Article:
What are the must-have colours you need to create your art?
Every artist has go-to colours. Those slippery eels manage to worm their way onto your palette no matter the project. I’ve been especially aware of my own shifting proclivities developing miniature painting courses over the years. Like your favourite movie or colour, my ‘top 5’ paints shifts year on year, changing as I change. But for right now, at this moment, typing on the 12th of October 2021 these are my top 5 ‘could not live without’ paints.
1) Incubi Darkness GW
It should come as no surprise to my students that this makes the list and sits at its summit. I think of this, in the same way, I do my primary colours – it always goes on my palette, or I end up mixing it with the colours already on my palette. It’s the building block of my artistic style, useful and ubiquitous. It can paint skin tones (shading and highlighting – try it), develop tonal interest in black armour, shade red robes, create cast shadows on sand dunes etc. This is the ultimate swiss army knife colour.
2) Lamp Black – Daler Rowney Artist Grade Oil Paint.
An oil paint? And black? But won’t that destroy your work? NO!
Black is fanatic for adding contrast to colour. It can desaturate it, lower its value, or create rich browns by adding it to red or purple. But in this instance, I’m choosing it because of the amount of recess shading, or pin washing I have to do in my day to day commission painting. It’s invaluable for creating deep lines of shade and can even be used in thick splurges to stain metallics. If you’d like to learn how to use oils in your work may I recommend the Titanicus tutorial course for your indulgence?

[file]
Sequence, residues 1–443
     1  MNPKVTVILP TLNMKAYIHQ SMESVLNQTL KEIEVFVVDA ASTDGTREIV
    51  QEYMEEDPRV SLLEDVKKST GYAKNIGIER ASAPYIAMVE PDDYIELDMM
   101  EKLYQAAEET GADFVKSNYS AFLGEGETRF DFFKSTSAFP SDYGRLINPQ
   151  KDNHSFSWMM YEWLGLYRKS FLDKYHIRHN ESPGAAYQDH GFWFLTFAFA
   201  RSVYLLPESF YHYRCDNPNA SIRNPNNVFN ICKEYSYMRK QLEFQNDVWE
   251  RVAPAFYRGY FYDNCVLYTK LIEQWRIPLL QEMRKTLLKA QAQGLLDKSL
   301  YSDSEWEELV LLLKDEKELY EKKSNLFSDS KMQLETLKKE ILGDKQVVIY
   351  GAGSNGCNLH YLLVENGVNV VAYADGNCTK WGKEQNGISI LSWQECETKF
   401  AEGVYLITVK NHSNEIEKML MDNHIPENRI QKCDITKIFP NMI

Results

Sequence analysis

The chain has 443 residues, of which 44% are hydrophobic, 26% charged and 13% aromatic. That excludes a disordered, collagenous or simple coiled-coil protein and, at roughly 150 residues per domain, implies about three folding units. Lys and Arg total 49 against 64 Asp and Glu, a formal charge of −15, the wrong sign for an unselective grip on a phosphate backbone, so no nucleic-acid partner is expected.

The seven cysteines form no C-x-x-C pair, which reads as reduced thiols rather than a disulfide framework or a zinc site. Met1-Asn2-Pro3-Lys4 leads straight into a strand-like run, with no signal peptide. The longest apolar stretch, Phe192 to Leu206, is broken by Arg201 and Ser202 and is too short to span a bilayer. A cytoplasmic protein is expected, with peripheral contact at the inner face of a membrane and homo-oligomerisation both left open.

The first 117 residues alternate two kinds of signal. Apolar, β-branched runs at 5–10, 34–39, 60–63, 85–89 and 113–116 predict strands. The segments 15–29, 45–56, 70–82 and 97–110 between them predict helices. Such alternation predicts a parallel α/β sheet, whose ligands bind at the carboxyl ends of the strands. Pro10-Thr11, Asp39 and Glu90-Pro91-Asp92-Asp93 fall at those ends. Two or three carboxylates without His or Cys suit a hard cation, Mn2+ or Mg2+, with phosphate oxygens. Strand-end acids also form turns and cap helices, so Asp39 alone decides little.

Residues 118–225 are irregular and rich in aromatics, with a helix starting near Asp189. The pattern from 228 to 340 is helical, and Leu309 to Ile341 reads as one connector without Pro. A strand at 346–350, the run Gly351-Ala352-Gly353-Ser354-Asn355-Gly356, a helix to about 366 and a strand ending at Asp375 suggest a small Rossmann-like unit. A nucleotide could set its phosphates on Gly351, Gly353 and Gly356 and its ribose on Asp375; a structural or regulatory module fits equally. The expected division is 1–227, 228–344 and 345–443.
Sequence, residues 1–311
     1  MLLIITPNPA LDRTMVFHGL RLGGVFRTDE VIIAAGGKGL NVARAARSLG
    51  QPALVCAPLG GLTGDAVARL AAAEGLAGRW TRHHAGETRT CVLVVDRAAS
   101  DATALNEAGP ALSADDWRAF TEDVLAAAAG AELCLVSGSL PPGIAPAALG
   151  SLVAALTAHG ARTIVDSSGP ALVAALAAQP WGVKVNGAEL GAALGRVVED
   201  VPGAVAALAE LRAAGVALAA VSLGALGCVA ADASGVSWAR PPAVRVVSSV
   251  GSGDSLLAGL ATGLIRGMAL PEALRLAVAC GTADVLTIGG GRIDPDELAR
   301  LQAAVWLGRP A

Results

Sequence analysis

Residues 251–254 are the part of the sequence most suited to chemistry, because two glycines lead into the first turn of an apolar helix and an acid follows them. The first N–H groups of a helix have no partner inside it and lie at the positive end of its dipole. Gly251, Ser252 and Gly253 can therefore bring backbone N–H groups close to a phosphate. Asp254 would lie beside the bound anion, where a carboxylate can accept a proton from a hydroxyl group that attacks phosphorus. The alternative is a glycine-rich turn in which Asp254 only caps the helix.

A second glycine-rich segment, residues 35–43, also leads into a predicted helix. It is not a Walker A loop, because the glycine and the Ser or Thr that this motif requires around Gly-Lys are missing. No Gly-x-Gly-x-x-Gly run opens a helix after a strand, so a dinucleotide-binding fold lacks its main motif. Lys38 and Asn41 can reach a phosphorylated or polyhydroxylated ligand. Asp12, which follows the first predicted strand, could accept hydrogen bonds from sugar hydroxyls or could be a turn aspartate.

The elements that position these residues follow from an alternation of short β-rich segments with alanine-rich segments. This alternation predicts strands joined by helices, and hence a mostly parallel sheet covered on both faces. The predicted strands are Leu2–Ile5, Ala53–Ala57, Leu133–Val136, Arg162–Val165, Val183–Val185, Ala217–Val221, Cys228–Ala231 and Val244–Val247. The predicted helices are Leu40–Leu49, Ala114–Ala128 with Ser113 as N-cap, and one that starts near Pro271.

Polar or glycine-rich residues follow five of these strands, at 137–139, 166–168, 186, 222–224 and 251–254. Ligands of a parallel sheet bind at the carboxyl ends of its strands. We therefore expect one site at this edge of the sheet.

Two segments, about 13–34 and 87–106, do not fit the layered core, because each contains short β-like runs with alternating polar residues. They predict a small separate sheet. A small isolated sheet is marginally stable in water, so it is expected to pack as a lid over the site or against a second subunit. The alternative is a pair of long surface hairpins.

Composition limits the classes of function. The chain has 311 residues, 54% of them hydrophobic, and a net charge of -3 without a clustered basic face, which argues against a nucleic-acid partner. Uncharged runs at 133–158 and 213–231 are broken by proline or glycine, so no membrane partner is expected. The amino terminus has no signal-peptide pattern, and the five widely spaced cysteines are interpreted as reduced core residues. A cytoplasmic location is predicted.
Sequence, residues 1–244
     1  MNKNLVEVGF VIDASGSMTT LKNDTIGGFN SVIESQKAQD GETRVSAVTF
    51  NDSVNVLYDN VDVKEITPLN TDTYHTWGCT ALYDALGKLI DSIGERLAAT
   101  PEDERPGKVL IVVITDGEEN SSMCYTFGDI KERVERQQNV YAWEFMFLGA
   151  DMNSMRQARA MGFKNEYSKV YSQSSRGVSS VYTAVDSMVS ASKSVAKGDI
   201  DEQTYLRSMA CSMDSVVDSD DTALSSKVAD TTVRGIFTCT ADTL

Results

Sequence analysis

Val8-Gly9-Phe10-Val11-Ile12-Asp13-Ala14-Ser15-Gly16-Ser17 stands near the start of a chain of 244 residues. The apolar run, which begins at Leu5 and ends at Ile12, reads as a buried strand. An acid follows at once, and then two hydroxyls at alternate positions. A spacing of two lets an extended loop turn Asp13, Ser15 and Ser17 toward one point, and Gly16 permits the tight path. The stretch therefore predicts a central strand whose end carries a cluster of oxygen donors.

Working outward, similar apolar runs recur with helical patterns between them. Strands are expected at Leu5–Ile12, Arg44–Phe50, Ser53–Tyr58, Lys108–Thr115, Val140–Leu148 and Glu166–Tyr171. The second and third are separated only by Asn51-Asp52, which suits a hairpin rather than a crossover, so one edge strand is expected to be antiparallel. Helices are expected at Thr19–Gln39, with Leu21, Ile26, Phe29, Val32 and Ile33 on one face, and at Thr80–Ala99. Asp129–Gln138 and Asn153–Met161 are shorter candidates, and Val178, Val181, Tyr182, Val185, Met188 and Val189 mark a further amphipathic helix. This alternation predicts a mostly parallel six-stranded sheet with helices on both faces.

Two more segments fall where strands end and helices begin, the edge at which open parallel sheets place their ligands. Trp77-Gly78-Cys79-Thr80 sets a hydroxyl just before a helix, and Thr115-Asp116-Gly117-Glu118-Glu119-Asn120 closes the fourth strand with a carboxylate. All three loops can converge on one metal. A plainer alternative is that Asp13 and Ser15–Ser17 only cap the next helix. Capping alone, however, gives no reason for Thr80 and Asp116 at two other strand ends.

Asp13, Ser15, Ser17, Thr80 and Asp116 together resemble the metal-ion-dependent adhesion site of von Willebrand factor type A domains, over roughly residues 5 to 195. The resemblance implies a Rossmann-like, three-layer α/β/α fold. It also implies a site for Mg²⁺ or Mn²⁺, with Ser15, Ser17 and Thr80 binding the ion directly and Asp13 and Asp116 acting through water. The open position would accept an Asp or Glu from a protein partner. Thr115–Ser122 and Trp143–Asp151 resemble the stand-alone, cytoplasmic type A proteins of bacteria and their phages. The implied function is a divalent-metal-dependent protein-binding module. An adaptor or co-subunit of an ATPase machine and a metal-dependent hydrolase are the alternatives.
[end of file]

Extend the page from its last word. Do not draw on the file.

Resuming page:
3) Medea Com Art Opaque White.
I’m a proponent of pre-shading your miniatures. In fact, in a perfect world, I’d have everyone learn how to paint miniatures with an airbrush first, developing their sense of volumes and values, before touching a brush!
If you are still reading and haven’t stormed off in disgust, then do yourself a huge favour and pick up this paint. It’s not the easiest thing to find as I understand, but it’s worth the treasure hunt. If you are in the UK can find it at Airbrushes.com. If you live elsewhere and have found a good supplier please let me know and I can update the list.
Light colours are notoriously difficult to run through the airbrush. White Ink has become the norm, but it is finicky in the extreme and creates an odd satin surface on your miniatures. This is not good for paint adhesion. Once you try this to pre shade your miniatures there’s no turning back – yes this goes for you Tamiya Flat White fanatics as well!
4) Kimera Magneta
One for the purist. I love mixing custom colours on my *check notes to see who the sponsor of this article is* REDGREASS GAMES WET PALETTE!
Magenta forms one of the updated colour primaries in the CMYK colour model (Cyan, Magenta, Yellow – K for black… don’t know why K is black). By adding Magenta to your palette you open up a world of possibilities. Why not try mixing it with your favourite red? How about glazing it around the cheeks on your miniature to draw out some colour nuance? Or just use it over a pre-shaded robe for a luxuriously deep colour?
They require a little patience to master but offer unparalleled depth of tone.
You can buy them here but due to the world falling apart you may be waiting some time for them to come back into stock.
5) USMC Tank Crew (Light) Vallejo Model Colour
This is a new edition to my roster and ousts my much beloved Hull Red (also from Vallejo) from the top 5.
I’ve had great success with this colour to highlight my Sons of Horus, and create atmospheric lighting. One of the things I’m slowly developing in my painting is just how unusual light and shadow is. Don’t just highlight red with a lighter orange like the MAN tells you. No, if that red armour was seen under the moonlight the highlighted reflections would have a blue/ green tinge to them. And that’s where this colour comes in. The Cursed City paint jobs all use USMC Tank Crew to highlight each aspect of the miniature – from armour plates to skin tones. This unifies the scheme and provides a coherent colour palette for the collection.
You’ve seen mine – now show me yours. What 5 colours can you simply not live without?
If you are interested in developing your miniature painting then I warmly invite you to our miniature painting courses. You can find the full listings in the index below and individual sessions in the TUTORIALS section.